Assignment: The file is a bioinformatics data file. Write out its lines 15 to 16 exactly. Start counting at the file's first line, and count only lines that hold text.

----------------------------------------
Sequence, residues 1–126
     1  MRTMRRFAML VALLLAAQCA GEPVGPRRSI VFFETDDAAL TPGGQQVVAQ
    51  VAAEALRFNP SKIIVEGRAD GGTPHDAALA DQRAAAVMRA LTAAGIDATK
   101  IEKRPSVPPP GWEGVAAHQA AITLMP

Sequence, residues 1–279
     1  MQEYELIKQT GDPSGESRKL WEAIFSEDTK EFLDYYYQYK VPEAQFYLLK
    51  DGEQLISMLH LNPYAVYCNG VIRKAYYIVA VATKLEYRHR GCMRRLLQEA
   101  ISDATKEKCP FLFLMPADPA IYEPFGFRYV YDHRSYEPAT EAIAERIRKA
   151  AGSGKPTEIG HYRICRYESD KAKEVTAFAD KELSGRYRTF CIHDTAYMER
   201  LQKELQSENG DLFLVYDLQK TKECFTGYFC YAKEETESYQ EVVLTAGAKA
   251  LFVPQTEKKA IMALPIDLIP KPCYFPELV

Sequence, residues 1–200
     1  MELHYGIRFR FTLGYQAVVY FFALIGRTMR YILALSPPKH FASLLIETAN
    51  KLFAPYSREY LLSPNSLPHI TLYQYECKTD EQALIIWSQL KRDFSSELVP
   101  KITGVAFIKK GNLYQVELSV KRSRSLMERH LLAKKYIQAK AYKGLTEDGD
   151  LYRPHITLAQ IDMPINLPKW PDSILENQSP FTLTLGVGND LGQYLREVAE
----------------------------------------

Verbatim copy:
   101  KITGVAFIKK GNLYQVELSV KRSRSLMERH LLAKKYIQAK AYKGLTEDGD
   151  LYRPHITLAQ IDMPINLPKW PDSILENQSP FTLTLGVGND LGQYLREVAE